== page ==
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Weaner cattle need their own trainer

published: July 19th 2019
by: Kirsten Nickles and Anthony Parker
source: The Ohio State University Department of Animal Science

The most common weaning method in the United States beef industry is the abrupt removal of calves from cows at 5-8 months of age (Enríquez et al., 2011). Natural weaning in beef cattle however, occurs later in life for a calf at 7-14 months of age (Reinhardt and Reinhardt, 1981). The immediate cessation of milk supply and complete maternal separation causes calves to exhibit stereotypical behaviors such as walking and vocalizing at weaning. Calves will engage in these stereotypical behaviors for three to four days and the excessive activity and lack of feed intake result in body weight loss and fatigue (Weary et al., 2008). The anxiety and frustration experienced at weaning by the calf are critical factors that negatively affect the growth rate of the calf and can contribute to the onset of disease such as bovine respiratory disease. This is why we should aim to manage calves in a way that reduces these negative stereotypical weaning behaviors.

The use of a “trainer cow” or “social facilitator” has been proposed as a method to reduce negative stereotypical weaning behaviors such as walking, and increase calf eating behavior during weaning. Cattle are gregarious animals, thus a further source of stress for calves at weaning is the removal from the hierarchical structure provided by the herd they were raised in. In this cow-calf hierarchy, the brood cows are the dominant figures in which calves follow and model their behaviors. Therefore, it has been proposed that using mature animals as “trainer animals” or “social facilitators” will have positive effects on body weight gain, health, and behavior of feedlot calves (Loerch and Fluharty, 2000). The reported results on the efficacy of trainer cows is equivocal. Loerch and Fluharty (2000) completed several trials evaluating the effect of both trainer cows and steers on calf performance, health, and behavior. It was reported that the use of feedlot adapted trainer steers was not beneficial. Alternatively, the authors did discover that in some of the studies, trainer cows had positive short-term effects on average daily gain, morbidity, and eating behaviors of calves. While these effects were short-term, the authors speculated that the effects were sufficient in moderating stress and making the transition into the feedlot less difficult for calves. Schwartzkopf-Genswein et al. (1997), however, reported that while trainer cows did alter calf eating behavior in the feedlot, they did not observe an effect on body weight gain or the health status of calves. Additionally, Gibb et al. (2000) found negative consequences of using trainer cows as they observed calves penned with mature cows lying less frequently and appearing to avoid the cow at the feed bunk.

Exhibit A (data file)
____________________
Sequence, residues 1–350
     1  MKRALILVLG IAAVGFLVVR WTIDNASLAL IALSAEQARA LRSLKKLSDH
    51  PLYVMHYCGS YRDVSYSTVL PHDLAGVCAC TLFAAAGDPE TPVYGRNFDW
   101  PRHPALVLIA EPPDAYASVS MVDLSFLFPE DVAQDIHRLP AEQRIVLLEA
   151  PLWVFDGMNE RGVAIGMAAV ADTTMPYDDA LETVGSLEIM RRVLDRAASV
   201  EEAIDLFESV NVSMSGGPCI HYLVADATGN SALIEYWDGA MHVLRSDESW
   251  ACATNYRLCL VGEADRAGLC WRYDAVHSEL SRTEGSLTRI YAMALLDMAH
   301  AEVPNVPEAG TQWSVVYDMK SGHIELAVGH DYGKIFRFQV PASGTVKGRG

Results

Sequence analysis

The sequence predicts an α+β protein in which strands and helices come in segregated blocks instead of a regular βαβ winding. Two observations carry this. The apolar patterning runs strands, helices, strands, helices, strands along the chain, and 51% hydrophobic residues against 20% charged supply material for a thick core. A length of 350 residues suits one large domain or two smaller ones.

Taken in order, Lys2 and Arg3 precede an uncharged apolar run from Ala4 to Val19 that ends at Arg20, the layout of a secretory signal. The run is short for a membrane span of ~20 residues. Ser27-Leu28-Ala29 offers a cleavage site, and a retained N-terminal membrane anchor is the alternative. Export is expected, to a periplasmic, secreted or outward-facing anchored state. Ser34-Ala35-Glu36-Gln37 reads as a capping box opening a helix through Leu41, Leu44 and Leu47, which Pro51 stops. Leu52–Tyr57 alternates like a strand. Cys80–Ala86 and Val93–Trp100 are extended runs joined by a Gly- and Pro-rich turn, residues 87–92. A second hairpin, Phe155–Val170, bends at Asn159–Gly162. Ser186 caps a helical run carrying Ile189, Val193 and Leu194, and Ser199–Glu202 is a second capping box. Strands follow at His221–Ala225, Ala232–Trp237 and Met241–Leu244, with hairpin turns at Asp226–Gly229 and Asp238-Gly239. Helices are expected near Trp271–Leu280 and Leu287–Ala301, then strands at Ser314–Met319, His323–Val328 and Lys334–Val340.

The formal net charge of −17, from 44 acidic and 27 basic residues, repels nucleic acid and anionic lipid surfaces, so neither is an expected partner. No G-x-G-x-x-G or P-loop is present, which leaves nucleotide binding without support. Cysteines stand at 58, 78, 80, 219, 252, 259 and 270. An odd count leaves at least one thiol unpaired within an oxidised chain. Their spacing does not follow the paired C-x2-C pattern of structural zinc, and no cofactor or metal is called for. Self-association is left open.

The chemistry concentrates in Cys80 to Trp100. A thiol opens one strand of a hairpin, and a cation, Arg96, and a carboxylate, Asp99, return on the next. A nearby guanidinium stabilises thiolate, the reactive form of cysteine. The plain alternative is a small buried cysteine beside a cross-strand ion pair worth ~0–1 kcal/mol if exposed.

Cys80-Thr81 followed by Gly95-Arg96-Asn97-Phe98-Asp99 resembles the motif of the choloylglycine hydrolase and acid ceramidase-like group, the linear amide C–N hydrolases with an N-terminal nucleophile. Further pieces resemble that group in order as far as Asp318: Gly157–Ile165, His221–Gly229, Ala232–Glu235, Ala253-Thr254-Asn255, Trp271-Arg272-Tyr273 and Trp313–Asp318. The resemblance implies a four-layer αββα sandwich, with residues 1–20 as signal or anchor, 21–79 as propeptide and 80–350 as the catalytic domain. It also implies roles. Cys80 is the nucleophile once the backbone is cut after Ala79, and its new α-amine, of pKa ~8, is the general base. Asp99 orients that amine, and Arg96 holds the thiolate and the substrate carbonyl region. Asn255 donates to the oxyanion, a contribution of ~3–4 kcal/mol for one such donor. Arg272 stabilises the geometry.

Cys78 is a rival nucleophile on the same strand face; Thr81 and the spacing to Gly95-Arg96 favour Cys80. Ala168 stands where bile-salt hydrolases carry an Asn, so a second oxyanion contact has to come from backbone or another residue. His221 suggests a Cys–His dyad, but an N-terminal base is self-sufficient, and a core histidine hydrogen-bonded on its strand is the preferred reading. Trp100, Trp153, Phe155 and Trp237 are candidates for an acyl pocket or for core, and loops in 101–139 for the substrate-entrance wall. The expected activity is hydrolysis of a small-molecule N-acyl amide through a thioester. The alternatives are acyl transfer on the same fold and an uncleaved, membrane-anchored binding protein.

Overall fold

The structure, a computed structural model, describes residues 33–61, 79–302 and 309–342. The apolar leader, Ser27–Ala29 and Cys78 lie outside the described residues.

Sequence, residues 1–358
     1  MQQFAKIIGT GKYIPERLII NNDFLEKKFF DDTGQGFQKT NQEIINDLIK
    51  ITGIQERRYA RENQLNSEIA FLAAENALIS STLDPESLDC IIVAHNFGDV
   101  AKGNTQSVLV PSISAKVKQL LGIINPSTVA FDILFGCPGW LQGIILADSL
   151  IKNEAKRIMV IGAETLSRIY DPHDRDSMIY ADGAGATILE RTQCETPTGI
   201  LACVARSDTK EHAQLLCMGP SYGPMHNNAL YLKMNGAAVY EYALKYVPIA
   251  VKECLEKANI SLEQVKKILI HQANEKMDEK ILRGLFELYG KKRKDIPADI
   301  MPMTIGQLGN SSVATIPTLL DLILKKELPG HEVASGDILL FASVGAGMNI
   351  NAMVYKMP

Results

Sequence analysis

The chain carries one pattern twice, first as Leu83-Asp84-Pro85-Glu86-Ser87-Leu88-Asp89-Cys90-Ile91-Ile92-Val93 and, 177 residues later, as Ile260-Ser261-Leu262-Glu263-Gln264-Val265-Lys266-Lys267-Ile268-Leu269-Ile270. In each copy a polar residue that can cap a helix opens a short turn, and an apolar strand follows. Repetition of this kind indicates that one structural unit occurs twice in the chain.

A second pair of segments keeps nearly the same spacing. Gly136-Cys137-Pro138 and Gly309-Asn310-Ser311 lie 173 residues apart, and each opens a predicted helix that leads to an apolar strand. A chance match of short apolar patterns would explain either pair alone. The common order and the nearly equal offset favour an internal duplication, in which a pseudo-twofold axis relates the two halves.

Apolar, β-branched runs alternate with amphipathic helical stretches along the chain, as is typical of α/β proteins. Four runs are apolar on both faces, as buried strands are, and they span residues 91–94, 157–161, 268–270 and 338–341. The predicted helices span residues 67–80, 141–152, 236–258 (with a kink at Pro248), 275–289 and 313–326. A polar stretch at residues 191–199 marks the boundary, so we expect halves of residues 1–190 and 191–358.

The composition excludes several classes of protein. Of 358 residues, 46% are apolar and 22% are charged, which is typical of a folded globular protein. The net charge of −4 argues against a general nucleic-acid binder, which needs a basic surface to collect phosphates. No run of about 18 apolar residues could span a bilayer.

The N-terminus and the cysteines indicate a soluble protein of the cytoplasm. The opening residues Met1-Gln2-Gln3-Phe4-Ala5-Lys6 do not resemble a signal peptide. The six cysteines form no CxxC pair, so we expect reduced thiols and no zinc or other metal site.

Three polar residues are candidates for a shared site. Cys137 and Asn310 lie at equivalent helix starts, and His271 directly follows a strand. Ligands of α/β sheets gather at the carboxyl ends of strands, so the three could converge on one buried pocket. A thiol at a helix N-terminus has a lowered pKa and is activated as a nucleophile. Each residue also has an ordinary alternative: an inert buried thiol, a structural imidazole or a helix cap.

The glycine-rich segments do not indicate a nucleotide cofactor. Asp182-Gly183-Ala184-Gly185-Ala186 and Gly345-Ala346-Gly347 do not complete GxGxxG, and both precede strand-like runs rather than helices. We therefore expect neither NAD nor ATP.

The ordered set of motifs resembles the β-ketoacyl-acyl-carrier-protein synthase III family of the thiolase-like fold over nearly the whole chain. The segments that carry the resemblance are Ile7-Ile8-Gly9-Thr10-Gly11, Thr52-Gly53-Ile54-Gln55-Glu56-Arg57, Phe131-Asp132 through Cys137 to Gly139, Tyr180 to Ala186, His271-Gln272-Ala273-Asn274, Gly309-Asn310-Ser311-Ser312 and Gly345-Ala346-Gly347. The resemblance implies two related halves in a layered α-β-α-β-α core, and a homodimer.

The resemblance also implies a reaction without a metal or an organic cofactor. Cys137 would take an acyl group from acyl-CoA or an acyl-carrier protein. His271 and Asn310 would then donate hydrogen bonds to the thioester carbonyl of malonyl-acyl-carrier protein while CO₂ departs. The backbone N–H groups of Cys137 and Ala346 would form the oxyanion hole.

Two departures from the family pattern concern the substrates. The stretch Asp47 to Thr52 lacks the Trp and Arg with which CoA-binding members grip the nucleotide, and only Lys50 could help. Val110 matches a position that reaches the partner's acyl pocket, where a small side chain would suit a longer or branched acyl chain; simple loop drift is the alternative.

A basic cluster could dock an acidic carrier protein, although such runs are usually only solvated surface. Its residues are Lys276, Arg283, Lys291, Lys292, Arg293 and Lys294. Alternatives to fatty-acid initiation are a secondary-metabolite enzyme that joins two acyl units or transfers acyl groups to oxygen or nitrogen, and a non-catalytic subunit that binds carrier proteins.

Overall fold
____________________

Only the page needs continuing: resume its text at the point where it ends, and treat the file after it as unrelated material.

More recently, research has been conducted at The Ohio State University’s Jackson and Eastern Agricultural Research Stations evaluating the effect of a social facilitator cow on walking behaviors in calves abruptly weaned on pasture. We found that the addition of a social facilitator decreased the total distances walked on the day of weaning by calves placed with a social facilitator compared to control calves abruptly weaned on pasture without a social facilitator (7.19 km compared with 9.02 km, respectively). The calves weaned with a social facilitator also devoted less time to walking on the day of weaning compared with control calves (2.46 hours compared with 3.14 hours, respectively). While negative stereotypical walking behaviors were decreased in calves placed with a social facilitator, there were no observable differences in calf body weight.

Therefore, the addition of a social facilitator seems to reduce the negative walking behaviors associated with weaning, however, results when a social facilitator or trainer cow was used in a feedlot are equivocal. The difference between studies may be due to environmental factors and/or experimental design. As an alternative weaning method, the use of a trainer cow is a non-invasive, non-labor intensive management strategy that is a viable option for producers to implement. This method can easily be done in both pasture and feedlot settings, depending on what a producer has available. This is also an ideal weaning method if a cull cow is used as the “trainer cow”, as it is an easy way to supplement the cull cow and add body condition before marketing the trainer cow.

There are, however, considerations that should be made prior to using a trainer cow as an alternative weaning method. Allow the trainer cow and a friend access to the weaning paddock for three days before the calves are weaned and placed with her. All cattle display exploratory behaviors when placed in a new area but these behaviors will decrease after 48 hours. If a cull cow or non-pregnant cow is used as the “trainer cow”, producers must control the cow’s estrus cycle to prevent her from displaying estrus at weaning as this can increase walking behaviors in calves, especially bull and steer calves. If weaning calves in a feedlot, or if supplementing calves and the trainer cow on pasture, producers must provide enough bunk space such that calves are not intimidated by the trainer cow at the bunk. If insufficient bunk space is provided, the mature trainer cow may intimidate calves from coming up to the bunk, and could negatively impact eating behaviors.

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